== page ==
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Papers, Please: Does the Constitution Permit the States a Role in Immigration Enforcement?

25 Pages Posted: 9 Sep 2017  

John C. Eastman

Chapman University, The Dale E. Fowler School of Law; Claremont Institute Center for Constitutional Jurisprudence

Date Written: 2012

Abstract

This Essay explores the legal challenges two immigration bills, Arizona’s 2010 S.B. 1070 and Alabama’s 2011 H.B. 56, and addresses how the Department of Justice (DOJ) fundamentally misunderstands the nature of state sovereignty and federalism, and concludes that, with the possible exception of one provision of the Arizona law, the states are acting well within their authority to protect the health, safety, and welfare of their residents without intruding on the plenary power over immigration and naturalization that the U.S. Constitution vests in Congress.

Keywords: Immigration, state sovereignty, separation of powers, federalism, plenary power

Suggested Citation

Eastman, John C., Papers, Please: Does the Constitution Permit the States a Role in Immigration Enforcement? (2012). Harvard Journal of Law and Public Policy, Vol. 35, No. 2, 2012. Available at SSRN: https://ssrn.com/abstract=3033167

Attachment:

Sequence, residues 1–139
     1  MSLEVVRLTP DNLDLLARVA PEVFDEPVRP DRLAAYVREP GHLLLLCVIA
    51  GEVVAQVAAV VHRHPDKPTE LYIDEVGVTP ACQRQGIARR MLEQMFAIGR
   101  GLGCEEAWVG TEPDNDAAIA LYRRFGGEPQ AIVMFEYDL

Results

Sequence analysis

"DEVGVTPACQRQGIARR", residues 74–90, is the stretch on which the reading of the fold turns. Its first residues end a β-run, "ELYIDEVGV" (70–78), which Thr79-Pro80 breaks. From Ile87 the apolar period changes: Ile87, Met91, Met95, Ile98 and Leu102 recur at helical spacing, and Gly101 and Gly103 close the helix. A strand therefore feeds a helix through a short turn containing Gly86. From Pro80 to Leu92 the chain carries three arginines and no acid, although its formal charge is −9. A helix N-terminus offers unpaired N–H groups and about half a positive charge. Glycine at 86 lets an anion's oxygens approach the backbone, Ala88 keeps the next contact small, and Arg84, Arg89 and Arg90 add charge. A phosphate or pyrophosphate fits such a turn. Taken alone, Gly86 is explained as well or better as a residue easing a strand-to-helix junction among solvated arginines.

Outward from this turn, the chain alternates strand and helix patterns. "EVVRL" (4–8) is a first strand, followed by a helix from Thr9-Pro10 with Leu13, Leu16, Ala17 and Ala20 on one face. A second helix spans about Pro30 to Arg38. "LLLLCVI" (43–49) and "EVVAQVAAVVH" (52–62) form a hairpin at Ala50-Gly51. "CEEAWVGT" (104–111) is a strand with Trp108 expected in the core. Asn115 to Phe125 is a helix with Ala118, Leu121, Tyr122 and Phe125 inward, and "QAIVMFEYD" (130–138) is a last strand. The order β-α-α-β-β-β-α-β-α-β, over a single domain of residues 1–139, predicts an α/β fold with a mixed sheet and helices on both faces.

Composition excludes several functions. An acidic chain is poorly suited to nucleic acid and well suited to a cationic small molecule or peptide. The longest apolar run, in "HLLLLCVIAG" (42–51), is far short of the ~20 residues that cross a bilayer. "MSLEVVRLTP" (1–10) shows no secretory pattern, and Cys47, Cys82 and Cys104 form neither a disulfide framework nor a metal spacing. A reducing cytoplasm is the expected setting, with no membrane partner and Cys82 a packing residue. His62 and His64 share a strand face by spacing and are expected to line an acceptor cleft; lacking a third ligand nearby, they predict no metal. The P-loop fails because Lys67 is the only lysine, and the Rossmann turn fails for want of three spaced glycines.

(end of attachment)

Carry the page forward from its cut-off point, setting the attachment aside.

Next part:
John C. Eastman (Contact Author)

Chapman University, The Dale E. Fowler School of Law ( email )

One University Drive
Orange, CA 92866-1099
United States
714-628-2587 (Phone)

HOME PAGE: http://www.chapman.edu/law/faculty/eastman.asp

Claremont Institute Center for Constitutional Jurisprudence

1317 W. Foothill Blvd., Suite 120
Upland, CA 91786
United States
877-855-3330 (Phone)

HOME PAGE: http://https://www.claremont.org/center-for-constitutional-jurisprudence/

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